A series of professional exchanges took place with Indian academic, governmental, and not-for profit counterparts. Discussions were held with representatives of two national agencies: The Institute of Applied Manpower Research is the only multidisciplinary institution of its kind. Created after India’s independence, it functions as a clearinghouse for policy research and informs governmental decision-making. The second was the National Institute of Science, Technology, and Development Studies, which is mandated to study the interaction among science, society, and the state. NISTADS is involved diverse fields such as water resource management, entrepreneurship development, science policy, and resource mapping.
Conferences with academic institutions included the Indian Institute of Public Administration and the Rajasthan Institute of Public Administration. These institutions focus on enhancing leadership and managerial capabilities of government officials through training and other educational activities. Both are extensively involved in research to improve management of public programs.
The final organization visited was the Consumer Unity and Trust Society, a not-for-profit agency that grew from a small voluntary group of concerned citizens operating from a garage on a zero budget in 1983. Today, they operate five program centers and an advocacy center and centers in Africa, United Kingdom, Vietnam, and Switzerland. Their work focuses on consumer protection and safety issues, human development, international trade, and economic regulation.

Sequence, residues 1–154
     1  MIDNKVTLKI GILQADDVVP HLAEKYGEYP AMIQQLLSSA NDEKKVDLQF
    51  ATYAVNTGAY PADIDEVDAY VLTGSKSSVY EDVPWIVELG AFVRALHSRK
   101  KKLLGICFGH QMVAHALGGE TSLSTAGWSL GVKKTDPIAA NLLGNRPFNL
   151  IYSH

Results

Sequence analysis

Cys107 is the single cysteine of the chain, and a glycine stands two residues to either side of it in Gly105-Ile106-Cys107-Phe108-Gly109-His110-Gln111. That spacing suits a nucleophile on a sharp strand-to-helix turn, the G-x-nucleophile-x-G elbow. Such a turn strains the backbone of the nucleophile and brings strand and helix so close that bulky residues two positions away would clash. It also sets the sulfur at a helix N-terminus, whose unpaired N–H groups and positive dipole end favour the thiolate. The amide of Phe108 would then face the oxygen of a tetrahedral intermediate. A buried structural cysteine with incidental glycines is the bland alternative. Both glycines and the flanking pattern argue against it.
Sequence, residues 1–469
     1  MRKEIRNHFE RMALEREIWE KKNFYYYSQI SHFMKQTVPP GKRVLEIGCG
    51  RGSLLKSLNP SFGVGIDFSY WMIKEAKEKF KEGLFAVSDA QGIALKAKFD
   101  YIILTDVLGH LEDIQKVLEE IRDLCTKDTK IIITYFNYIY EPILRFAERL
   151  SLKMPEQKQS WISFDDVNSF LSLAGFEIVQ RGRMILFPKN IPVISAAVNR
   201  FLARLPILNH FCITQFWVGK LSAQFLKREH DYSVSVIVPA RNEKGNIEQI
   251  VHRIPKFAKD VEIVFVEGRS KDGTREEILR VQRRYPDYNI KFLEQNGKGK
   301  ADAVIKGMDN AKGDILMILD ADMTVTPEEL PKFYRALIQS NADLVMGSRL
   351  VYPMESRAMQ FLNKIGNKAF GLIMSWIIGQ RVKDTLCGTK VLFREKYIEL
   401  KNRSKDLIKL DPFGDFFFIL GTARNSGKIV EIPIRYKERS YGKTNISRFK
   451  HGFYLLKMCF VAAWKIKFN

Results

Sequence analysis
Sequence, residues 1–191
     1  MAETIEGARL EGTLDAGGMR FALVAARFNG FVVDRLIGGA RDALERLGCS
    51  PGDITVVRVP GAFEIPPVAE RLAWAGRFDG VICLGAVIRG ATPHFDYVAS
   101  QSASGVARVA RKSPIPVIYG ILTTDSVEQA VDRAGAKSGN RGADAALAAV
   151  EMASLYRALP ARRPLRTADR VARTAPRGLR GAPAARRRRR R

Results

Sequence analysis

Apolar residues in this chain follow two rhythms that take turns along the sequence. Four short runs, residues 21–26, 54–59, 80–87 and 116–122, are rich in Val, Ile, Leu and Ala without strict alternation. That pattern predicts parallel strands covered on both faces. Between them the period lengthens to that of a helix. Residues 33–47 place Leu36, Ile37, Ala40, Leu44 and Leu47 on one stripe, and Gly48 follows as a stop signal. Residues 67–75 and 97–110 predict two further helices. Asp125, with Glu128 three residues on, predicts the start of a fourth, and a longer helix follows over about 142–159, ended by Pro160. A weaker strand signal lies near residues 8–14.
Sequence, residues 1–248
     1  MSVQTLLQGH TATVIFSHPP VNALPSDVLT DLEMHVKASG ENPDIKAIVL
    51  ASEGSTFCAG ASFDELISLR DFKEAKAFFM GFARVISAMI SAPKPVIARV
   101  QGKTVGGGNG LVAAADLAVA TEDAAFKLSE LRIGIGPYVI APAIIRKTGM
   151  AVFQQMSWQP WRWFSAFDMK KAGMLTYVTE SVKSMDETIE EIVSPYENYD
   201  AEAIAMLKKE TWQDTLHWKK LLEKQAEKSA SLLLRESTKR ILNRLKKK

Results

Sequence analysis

The manifestations of democratic dialogue in meetings with all five professional groups were apparent. Individuals expressed themselves openly and acknowledged the difficulties our respective countries face in combating poverty, bringing development to rural areas, and the pressures of migration to urban areas. There was recognition that we all benefit from sharing different approaches to solving common public administration problems. This openness was somewhat expected, given that our respective countries constitute the world’s two largest democracies and we share common features, such as federal structure of national, state, and local governments with elections at all levels. India regularly elects 3.2 million officials, primarily local. While we take pride of our diversity, India has 13 official languages with hundreds of additional spoken languages across the country. Despite these similarities, our two countries differ in their domestic and international challenges.